In December, Venezuela’s foreign minister, Delcy Rodriguez, criticized Malcorra for allegedly interfering in Venezuela’s internal affairs on behalf of an international “right-wing cartel.” But that was before Malcorra opposed sanctioning Caracas at the OAS.
Malcorra faces other hurdles to ascending to the U.N.’s 38th floor, the secretary-general’s office atop the U.N.’s headquarters building. The job is usually reserved on a rotating basis for candidates from the U.N.’s regional groups. There is broad sympathy for the notion that a candidate from Eastern Europe, which has never produced a U.N. chief, should have a first shot at it. Russia, which enjoys veto power, has expressed a strong preference for an Eastern European. But it has not explicitly warned, as China did eight years ago, that it would block any candidate from outside its region. Meanwhile, Britain, which fought a war against Argentina over the Falkland Islands, or the Malvinas as they are known in Argentina, may have reservations about her candidacy. And Moscow could derail the candidacy of a Latin American like Malcorra if it decides that the next U.N. chief must come from its own neighborhood.
There is speculation that the United States and Russia, which have clashed bitterly over policies from Syria to Ukraine, may not be able to agree on an Eastern European, thereby opening the door to a compromise candidate like Malcorra. It helps that there is mounting support for the idea of a woman ascending to the U.N.’s top diplomatic job for the first time.
“Her entry into the campaign does basically change the nature of this race,” Gowan added. “Now you have a candidate who is very widely believed to have U.S. backing and who can trump the other contenders … in terms of mastery of operational detail.”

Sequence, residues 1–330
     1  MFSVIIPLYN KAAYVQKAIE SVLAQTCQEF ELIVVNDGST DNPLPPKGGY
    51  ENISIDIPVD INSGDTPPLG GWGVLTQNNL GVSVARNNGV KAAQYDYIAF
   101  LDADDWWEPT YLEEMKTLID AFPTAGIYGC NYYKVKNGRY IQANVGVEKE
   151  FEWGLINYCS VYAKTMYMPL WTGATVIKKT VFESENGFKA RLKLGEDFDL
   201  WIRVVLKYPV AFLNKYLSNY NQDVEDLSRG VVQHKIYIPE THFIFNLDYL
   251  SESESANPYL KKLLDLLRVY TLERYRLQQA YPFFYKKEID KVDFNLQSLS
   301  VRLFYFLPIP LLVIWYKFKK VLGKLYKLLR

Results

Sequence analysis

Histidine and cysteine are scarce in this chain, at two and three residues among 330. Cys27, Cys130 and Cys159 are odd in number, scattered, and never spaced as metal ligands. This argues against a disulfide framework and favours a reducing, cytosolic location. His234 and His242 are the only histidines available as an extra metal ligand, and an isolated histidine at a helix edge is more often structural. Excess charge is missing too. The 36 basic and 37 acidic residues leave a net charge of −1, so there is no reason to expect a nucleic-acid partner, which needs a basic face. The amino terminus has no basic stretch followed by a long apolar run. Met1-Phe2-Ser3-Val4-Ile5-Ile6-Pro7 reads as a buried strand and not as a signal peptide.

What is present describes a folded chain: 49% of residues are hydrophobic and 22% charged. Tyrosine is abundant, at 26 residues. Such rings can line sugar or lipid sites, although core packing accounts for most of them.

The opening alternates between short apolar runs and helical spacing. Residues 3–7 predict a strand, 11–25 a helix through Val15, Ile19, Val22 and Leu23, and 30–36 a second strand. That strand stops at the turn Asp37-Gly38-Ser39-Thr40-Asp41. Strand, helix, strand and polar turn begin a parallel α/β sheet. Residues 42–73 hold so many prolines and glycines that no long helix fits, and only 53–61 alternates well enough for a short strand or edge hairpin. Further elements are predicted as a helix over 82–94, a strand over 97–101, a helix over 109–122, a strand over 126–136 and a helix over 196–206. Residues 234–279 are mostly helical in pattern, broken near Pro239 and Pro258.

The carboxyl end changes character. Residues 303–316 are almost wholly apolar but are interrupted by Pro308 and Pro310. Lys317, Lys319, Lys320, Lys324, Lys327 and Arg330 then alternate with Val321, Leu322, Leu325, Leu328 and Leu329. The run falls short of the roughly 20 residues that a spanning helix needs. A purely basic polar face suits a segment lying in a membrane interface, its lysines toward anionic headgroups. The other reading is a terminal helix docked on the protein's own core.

But he said there is a “downside” “to her qualifications, Gowan added. If “she is elected this is a continuity candidate.”
“She has been in the system long enough that she is knowledgeable about how it operates,” said a senior U.N. advisor. “With Malcorra you get what you get — someone who knows the beast, knows how to maneuver in it but suffers from the compromises of getting stuff done in a multilateral institution.” That means Malcorra, along with other top U.N. officials, will bear some responsibility for some of the U.N.’s biggest muck-ups, including the failure of the U.N. mission to protect civilians in Darfur and the refusal to acknowledge responsibility for the U.N. cholera epidemic in Haiti.
Malcora’s admirers say she has a distinguished record of administrative achievement, shaped during a 25-year career in the private sector, initially with IBM, and later at director general of Telecom Argentina. In her first few years at the U.N., Malcorra tried to apply cost-saving measures to U.N. peacekeeping by centralizing key administrative functions, like budgeting, human resources, and logistics in regional hubs in Entebbe, Uganda; and Brindisi, Italy.
“Malcorra brought a private sector and operational sensibility to the Department of Field Support, and what is rare in the U.N. — she improved both the effectiveness and the efficiency of the U.N. bureaucracy,” said Bruce Jones, the director of the foreign-policy program at the Brookings Institution, who has worked closely with Malcorra, whom he considers a friend.
Malcorra has also been tasked with handling some of the U.N.’s most sensitive operations, including the creation of a chemical weapons mission that destroyed the vast majority of Syria’s deadliest missiles. She also spearheaded the U.N. response to the Ebola crisis in West Africa and negotiated a peace deal in the Democratic Republic of the Congo. “She was very creative in thinking outside the box,” said one senior colleague.
“We could do a lot worse” than having Malcorra as secretary-general, said another official from the U.N. peacekeeping department. “She’s a thinking person and someone who understands the U.N.’s political and operational realities.”
In her vision statement, presented to the U.N. General Assembly, Malcorra said her experience as both an advisor to the secretary-general and implementer of his policies has given her a “unique” perspective on what has worked and what needs to be done differently. “As for whether i would follow in his footsteps, I’m sure there will be things that I will follow and there will be things i will be doing different.” But she made it clear that she would take her guidance from the U.N. member states. The secretary-general must inculcate a culture of humility in the daily work of the organization … to faithfully implement and support member states’ decisions.”